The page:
We published an article entitled “A Saudiless Arabia” by Wayne Madsen dated October 22, 2002 (the “Article”), on the website of the Institute for the Advancement of Journalistic Clarity, CounterPunch, www.counterpunch.org (the “Website”).

Although it was not our intention, counsel for Mohammed Hussein Al Amoudi has advised us the Article suggests, or could be read as suggesting, that Mr Al Amoudi has funded, supported, or is in some way associated with, the terrorist activities of Osama bin Laden and the Al Qaeda terrorist network.

We do not have any evidence connecting Mr Al Amoudi with terrorism.

As a result of an exchange of communications with Mr Al Amoudi’s lawyers, we have removed the Article from the Website.

We are pleased to clarify the position.

August 17, 2005

 

Stan Cox (@CoxStan) is an editor at Green Social Thought, where this article first ran. He is author of Any Way You Slice It: The Past, Present, and Future of Rationing and, with Paul Cox, of How the World Breaks: Life in Catastrophe’s Path, From the Caribbean to Siberia

More articles by:

CounterPunch Magazine

minimag-edit

bernie-the-sandernistas-cover-344x550

zen economics

May 30, 2017
Kenneth Surin
Can the Impossible Happen in Britain?
W. T. Whitney
Why Does the United States Beat Up On Capitalist Russia?
Patrick Cockburn
We Can’t Let Britain to Become a Vast ISIS Recruiting Station
Michael J. Sainato
Leaks and Militarized Policing: Water Protectors are Proven Right
Ted Rall
What Do the Democrats Want? No One Knows
David J. Lobina
The Israel-Palestine Conflict and Political Activism
Martha Rosenberg
Once Again, Mainstream Media Does Pharma’s Bidding
David L. Glotzer
Social Security: Clearing Up the Financial Nonsense
Edward Hunt
If They are Wrong the Planet Dies
Lawrence Wittner
How Business “Partnerships” Flopped at America’s Largest University
Guillermo R. Gil
Poems Must Never be White
Martin Billheimer
Strategies of Rose and Thorn in Portland
Tony Christini
What isn’t Said: Bernie Sanders in 2020
Chandra Muzaffar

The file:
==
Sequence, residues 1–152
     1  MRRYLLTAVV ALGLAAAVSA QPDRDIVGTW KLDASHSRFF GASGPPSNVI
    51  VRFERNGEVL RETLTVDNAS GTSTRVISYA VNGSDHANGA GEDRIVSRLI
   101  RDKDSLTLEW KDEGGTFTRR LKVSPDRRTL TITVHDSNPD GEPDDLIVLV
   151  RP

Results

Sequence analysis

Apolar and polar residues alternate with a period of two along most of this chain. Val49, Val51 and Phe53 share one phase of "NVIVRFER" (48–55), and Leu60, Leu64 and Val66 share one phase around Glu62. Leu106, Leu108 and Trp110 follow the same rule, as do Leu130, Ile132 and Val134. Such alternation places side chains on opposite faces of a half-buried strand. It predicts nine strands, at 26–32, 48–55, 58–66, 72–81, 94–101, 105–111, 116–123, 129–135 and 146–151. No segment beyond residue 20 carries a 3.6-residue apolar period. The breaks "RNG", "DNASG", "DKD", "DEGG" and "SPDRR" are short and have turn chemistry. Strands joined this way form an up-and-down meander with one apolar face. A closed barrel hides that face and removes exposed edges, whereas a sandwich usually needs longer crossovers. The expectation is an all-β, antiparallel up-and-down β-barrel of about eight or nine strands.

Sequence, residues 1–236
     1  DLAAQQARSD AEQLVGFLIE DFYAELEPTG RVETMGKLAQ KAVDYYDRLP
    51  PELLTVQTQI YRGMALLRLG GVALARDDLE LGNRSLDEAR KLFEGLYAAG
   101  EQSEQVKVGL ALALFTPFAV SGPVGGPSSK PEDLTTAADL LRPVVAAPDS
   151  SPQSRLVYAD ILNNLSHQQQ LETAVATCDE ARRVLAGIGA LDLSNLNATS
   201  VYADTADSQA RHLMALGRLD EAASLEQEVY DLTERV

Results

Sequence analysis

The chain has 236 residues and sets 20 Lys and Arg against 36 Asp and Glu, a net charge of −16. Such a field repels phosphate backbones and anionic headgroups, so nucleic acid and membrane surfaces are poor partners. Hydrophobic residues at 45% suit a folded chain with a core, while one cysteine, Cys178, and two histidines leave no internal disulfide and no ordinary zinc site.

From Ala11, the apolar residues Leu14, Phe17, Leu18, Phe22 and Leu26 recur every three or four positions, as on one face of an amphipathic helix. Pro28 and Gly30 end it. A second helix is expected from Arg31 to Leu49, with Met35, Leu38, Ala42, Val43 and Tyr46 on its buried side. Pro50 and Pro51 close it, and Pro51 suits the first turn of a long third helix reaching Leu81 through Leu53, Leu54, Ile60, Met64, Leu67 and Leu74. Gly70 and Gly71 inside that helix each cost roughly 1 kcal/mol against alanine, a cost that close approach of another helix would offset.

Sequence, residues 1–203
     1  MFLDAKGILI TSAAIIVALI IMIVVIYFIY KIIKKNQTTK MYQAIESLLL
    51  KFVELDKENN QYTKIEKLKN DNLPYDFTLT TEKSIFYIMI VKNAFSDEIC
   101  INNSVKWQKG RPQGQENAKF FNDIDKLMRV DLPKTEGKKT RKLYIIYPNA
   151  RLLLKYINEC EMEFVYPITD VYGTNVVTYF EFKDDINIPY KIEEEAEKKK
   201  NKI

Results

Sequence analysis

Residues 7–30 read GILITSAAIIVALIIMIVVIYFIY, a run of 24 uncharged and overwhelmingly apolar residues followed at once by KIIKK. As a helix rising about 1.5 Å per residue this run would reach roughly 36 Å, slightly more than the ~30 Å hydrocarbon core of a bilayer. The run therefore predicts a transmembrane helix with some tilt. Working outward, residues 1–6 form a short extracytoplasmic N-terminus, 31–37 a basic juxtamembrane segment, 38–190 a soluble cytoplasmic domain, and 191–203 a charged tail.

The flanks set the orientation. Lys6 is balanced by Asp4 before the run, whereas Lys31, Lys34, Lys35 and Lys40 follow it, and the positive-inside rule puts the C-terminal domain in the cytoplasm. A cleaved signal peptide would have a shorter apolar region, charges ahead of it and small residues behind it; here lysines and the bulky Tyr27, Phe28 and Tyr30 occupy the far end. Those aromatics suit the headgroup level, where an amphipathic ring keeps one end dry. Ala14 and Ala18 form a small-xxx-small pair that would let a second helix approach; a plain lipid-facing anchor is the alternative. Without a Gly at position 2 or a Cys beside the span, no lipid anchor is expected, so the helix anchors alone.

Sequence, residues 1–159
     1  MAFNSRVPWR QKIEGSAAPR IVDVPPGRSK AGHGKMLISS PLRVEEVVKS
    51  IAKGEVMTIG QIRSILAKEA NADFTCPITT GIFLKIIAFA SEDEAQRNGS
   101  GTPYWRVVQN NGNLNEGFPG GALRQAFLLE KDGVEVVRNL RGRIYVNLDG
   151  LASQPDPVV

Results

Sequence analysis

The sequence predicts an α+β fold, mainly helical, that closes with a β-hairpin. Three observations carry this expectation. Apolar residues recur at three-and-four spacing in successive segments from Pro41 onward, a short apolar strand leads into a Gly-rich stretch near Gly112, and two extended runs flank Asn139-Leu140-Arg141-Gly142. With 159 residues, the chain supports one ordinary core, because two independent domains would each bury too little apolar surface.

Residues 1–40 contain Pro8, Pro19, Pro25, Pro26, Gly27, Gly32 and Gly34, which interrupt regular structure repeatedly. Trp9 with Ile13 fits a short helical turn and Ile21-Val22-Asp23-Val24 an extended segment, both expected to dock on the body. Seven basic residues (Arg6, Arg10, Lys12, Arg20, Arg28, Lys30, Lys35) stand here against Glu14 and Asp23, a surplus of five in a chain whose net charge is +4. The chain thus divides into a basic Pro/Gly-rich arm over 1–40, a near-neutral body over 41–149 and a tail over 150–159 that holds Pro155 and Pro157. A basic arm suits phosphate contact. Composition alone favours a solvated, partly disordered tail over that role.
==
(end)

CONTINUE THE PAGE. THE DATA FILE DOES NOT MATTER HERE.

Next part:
Fasting for Palestinian Justice and Dignity
Clancy Sigal
Even Grammar Bleeds
May 29, 2017
Jim Kavanagh
No Laughing Matter: The Manchester Bomber is the Spawn of Hillary and Barack’s Excellent Libyan Adventure
Vijay Prashad
The Afghan Toll
Melvin Goodman
The Washington Post’s Renewed Attack on Whistlblowers
Robert Fisk
We Must Look to the Past, Not ISIS, for the True Nature of Islam
Dean Baker
A Tax on Wall Street Trading is the Best Solution to Income Inequality
Lawrence Davidson
Reality and Its Enemies
Harry Hobbs
Australia’s Time to Recognize Indigenous Peoples’ Sovereignty
Ray McGovern
Will Europe Finally Rethink NATO’s Costs?
Cesar Chelala
Poetry to the Rescue of America’s Soul
Andrew Stewart
Xi, Trump and Geopolitics
Binoy Kampmark
The Merry Life of Dragnet Surveillance
Stephen Martin
The Silent Apartheid: Militarizing Architecture & Infrastructure
Weekend Edition
May 26, 2017
Friday - Sunday
Anthony DiMaggio
Swamp Politics, Trump Style: “Russiagate” Diverts From the Real White House Scandals
Paul Street
It’s Not Gonna Be Okay: the Nauseating Nothingness of Neoliberal Capitalist and Professional Class Politics
Jeffrey St. Clair
The ICEmen Cometh
Ron Jacobs
The Deep State is the State
Pete Dolack
Why Pence Might be Even Worse Than Trump
Patrick Cockburn
We Know What Inspired the Manchester Attack, We Just Won’t Admit It
Thomas Powell
The Dirty Secret of the Korean War
Mark Ashwill
The Fat Lady Finally Sings: Bob Kerrey Quietly Resigns from Fulbright University Vietnam Leadership Position
John Davis
Beyond Hope
Uri Avnery
The Visitation: Trump in Israel
Ralph Nader
The Left/Right Challenge to the Failed “War on Drugs”
Traci Yoder
Free Speech on Campus: a Critical Analysis
Dave Lindorff
Beware the Supporter Scorned: Upstate New York Trump Voters Hit Hard in President’s Proposed 2018 Budget
Daniel Read
“Sickening Cowardice”: Now More Than Ever, Britain’s Theresa May Must be Held to Account on the Plight of Yemen’s Children
Ana Portnoy
Before the Gates: Puerto Rico’s First Bankruptcy Trial
M. Reza Behnam
Rethinking Iran’s Terrorism Designation
Brian Cloughley
Ukraine and the NATO Military Alliance
Josh Hoxie
Pain as a Policy Choice
FacebookTwitterGoogle+RedditEmail